2.3.2016 The Ammonia Battle

Some horses urinate more than others. That’s just a fact. Two of my boarded horses, Sadie and Cookie, are prolific producers of liquid fertility. It’s not a problem when they are out in the pasture, but all four horses are taken off pasture at night because they are all prone to obesity. I don’t run a show or a lesson barn where horses get worked every day. Horses at Apriori Farm are essentially pasture ornaments I keep to help with pasture management and to generate large piles of poo to feed my compost pile.

Thus with enthusiastic pee-ers in the barn every night, ammonia build-up in the stalls can get pretty horrific at times. Over the last five years, I’ve tried various solutions and had little success. The high levels of ammonia in Sadie’s stall cause respiratory issues for her and for anyone working in that end of the barn. Let me describe my stalls and what I’ve tried.

My barn is a steel Quonset toaster built on native Virginia red clay (top soil removed). Inside the stalls, the floor is 3 inches of rock dust packed on top of the clay. When we first arrived, there were rubber mats in the stalls. We pulled them out, scrubbed them down and put them in the stalls that weren’t being used for horses. At the time, my horses weren’t getting much stall time – instead they went into the round pen. When they did come in the barn, it was on the packed rock dust floor covered with pine shavings. Again not much time in the barn. Not prolific pee-ers. Not much of a problem.

Then Sadie came with her over active bladder. The packed rock dust floor quickly became saturated with urine. The urine wasn’t moving down into the clay below.

I added lime. I added Sweet PDZ. I put the rubber mats back in, continued pine shavings use and sprayed the stalls every day with vinegar. I put in a fan, at first blowing into the stall and then, when that didn’t help much, blowing out of the stall. The fan has help a lot, but still hadn’t solved the problem of urine pooling underneath the mats. There are days when it gets pretty overwhelming and those are the days Sadie lays the guilt trip on me, as she stands there coughing through her breakfast.

So for the last two days I’ve been renovating her stall. First I removed the mats and then I dug a two foot hole in the middle of the stall. I filled the hole with pea gravel, sand and quite a bit of lime. Then I regraded the stall with a fresh layer of rock dust, sloping everything down toward my freshly dug pee pit. Then I line the whole stall with a geotextile product called Stall Saver and put 6 inches of shavings on top of that.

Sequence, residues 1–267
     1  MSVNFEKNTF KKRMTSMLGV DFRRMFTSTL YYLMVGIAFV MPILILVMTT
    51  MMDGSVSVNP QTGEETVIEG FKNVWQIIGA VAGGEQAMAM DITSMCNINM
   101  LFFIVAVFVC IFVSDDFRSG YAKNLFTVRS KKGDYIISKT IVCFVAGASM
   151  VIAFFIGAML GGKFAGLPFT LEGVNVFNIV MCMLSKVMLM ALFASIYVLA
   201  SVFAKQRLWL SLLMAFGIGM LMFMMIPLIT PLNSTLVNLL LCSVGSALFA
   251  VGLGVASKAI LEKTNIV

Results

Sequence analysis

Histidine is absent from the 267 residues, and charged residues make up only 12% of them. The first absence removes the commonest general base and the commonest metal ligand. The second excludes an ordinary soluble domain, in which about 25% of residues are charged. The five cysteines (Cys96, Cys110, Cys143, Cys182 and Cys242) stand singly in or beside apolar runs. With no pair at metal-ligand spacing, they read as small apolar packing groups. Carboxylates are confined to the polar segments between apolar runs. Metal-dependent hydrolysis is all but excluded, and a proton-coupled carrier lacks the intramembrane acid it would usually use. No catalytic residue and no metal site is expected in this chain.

In theory, Sadie will pee, wetting a very small area of bedding, but most of the urine will flow quickly through the Stall Saver and onto the packed rock dust. From there, the urine will travel down the slope into the pit where the ammonia odor can dissipate far below Sadie’s nose.

This was not cheap. The liner was about $250, plus another $60 in sand, pea gravel and stone dust, plus $70 worth of bedding. Now if the Stall Saver works as advertised, I should recover the cost fairly quickly because I won’t be removing nearly as much bedding from her stall every day. Currently we’re very parsimonious with bedding and use about a bag and a half per week per horse – about $10/week. Gonna be over a year before it pays for itself.

Now that it’s done, I’m second guessing myself. I’m thinking I should have removed the existing stone dust and several inches of the native clay. Then I should have layered in more permeable footings, maybe a layer of sand and pea gravel covered with, I don’t know, maybe just dirt.

Other farm doings

Last year, my bees froze to death in January.  I am pleased to report that as of February 1, 2016, both my beehives are still alive.  We had a lovely warmup after the snow storm and the bees were out and about, buzzing me on the porch, demanding hooch.  I ignored them.  Wild bees don’t get hooch and they survive the winter.  I’m determined to get my bees off the welfare roles.

I watched a lot of how to grow thing videos this week as I went through the process of ordering seeds. Consequently, I’ve got some experiments planned and one already underway.